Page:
According to the 1869 Post Office Directory it looks like the brothers worked together as there is a listing for Hastings Brothers Ship and Boat Builders, South Denes Road.
Sarah married Edward Homan Forder in 1846 and as far as I can tell they only had one child Edward Hastings who was born in Yarmouth on 24th August 1848 and baptised shortly after on 11 September.
It would seem that by 1861 all was not well in the Forder household as Sarah and Edward were not living together. Edward was living with his sister Martha who was a lodging house keeper, in Harrisons Buildings in the town. He was still employed as a hairdresser.
Sarah and her son Edward now 12 were living in 17 Market Row with her two sisters Susannah who is a bonnet maker and Mary Ann who gives her occupation as shop keeper. Sarah is also employed and is working as a milliner.
Although the census does not intimate that the ladies were sisters I am sure that they are from the same family mentioned at the beginning of this article, however, the years of birth do not tie up! Susannah has been consistent with her year of birth being 1816, however, Mary Ann’s year of birth is 1822 whereas Sarah’s is given as 1828!
On the 5th of January 1867, The Norfolk Chronicle reported the death of Sarah’s estranged husband Edward Harman Forder whose body had been pulled from the sea on Sunday 30th December 1866.
The article confirms that 5 years after the last census he was still living apart from his family.
Although the report makes no mention that this was nothing other than an accident, during reports of the death of Susannah is was intimated that “after a long career of dissipation (Edward) he committed suicide by drowning himself, and the son little profiting by this sad example, pursued an utterly reckless and abandoned course”.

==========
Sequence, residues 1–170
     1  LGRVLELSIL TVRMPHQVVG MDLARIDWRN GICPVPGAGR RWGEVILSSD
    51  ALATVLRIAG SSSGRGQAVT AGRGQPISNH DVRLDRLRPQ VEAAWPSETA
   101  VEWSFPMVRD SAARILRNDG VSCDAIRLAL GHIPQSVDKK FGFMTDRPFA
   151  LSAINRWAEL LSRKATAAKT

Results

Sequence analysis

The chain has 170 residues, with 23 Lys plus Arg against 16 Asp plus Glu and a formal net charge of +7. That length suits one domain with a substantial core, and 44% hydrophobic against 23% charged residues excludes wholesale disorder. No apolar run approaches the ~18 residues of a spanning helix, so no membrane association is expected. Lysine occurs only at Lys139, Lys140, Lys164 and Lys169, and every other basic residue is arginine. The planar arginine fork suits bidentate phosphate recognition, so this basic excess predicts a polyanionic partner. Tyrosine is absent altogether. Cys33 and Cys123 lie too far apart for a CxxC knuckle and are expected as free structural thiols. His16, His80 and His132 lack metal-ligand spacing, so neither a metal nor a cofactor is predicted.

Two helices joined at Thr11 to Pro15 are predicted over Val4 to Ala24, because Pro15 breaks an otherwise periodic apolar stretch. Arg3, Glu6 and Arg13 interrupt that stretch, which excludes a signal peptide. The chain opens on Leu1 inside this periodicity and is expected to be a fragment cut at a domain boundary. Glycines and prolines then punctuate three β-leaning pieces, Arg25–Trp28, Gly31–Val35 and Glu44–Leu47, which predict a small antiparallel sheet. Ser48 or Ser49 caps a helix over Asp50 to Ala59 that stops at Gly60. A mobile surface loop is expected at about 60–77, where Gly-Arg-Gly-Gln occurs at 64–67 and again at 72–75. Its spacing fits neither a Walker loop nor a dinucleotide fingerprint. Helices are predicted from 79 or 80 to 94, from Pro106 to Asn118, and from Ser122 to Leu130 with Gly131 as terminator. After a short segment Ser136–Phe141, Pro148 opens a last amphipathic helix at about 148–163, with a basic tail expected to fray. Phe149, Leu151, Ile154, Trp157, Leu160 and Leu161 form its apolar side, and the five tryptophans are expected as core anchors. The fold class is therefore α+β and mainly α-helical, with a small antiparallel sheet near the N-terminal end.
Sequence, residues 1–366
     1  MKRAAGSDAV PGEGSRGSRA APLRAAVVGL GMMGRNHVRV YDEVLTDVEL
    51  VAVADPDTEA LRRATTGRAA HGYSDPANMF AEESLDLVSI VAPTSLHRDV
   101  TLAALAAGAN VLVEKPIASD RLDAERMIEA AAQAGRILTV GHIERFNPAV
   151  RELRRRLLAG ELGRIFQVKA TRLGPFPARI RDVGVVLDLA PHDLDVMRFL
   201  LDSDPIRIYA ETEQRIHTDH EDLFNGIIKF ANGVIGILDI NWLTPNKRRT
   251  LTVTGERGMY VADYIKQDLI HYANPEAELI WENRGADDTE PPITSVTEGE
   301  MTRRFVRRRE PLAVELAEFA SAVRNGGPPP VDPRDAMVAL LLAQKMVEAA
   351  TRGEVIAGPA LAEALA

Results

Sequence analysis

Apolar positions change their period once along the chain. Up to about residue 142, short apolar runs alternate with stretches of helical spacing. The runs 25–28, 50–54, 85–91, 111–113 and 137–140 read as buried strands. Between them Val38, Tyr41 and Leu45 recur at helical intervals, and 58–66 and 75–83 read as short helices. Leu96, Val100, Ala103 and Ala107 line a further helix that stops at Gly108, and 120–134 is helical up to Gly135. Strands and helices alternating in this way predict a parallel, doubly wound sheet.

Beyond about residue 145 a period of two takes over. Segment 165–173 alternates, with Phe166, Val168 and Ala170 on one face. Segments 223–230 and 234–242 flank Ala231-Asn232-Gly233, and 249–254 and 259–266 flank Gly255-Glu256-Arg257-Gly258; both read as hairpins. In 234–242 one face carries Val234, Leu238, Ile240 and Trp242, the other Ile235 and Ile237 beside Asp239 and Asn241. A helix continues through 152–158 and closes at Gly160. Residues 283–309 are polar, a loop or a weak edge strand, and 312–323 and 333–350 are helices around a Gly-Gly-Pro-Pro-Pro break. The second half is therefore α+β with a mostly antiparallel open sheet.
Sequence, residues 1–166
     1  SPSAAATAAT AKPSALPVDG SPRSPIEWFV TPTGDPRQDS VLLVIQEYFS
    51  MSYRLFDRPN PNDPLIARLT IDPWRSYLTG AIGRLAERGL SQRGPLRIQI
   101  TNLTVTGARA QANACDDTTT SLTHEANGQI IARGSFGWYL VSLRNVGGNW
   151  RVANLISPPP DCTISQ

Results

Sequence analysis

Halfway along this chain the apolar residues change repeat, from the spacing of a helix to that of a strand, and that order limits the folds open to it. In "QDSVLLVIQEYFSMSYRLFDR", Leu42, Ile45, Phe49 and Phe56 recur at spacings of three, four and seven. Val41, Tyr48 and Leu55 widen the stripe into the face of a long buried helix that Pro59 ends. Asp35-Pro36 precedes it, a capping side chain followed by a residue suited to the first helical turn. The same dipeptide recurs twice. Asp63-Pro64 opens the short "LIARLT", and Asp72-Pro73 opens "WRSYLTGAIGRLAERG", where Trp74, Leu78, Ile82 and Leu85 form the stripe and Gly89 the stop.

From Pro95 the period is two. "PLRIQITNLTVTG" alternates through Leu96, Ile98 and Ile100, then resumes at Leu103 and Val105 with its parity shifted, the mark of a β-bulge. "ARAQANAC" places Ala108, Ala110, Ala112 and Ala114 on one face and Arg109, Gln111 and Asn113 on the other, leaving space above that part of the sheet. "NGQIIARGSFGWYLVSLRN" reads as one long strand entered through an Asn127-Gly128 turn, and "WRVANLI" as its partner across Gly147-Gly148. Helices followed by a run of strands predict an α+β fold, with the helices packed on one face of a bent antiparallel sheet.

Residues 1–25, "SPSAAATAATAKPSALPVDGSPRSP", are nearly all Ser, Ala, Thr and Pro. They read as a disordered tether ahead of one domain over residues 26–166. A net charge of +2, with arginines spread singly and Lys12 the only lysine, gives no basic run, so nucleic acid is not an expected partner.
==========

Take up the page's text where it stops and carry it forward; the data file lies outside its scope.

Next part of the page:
Things did not get much better for Sarah as in Aug 1868 she was heading for bankruptcy. According to the Notice of Assignment she had a business in Market Row where she was working as a draper, haberdasher and dealer in jewellery. She assigned all her estate and effects to William Barnard also based in Market Row.
If this wasn’t bad enough what was to follow must have had a devastating effect on Sarah knowing that her sister Susannah’s death was indirectly caused by her only son.
By all accounts it would appear that Edward Hastings Forder who was spoilt as a child, turned into a very unpleasant man. His childhood must have been traumatic, his parents seemingly separated by the time he was 13 and when he was 19 his father committed suicide.
Edward had been apprenticed to a local draper but was a most untrustworthy servant. His habits were most dissolute and he formed a discreditable liaison with a young female. He left his situation as a draper and took lodgings with the female in question in an obscure row. At the time of the incident had no current employment and due to the dissipated life he led, him mother paid him a small weekly allowance if he would live away from home. In addition, he had been a great deal of trouble to his friends and had caused them much distress.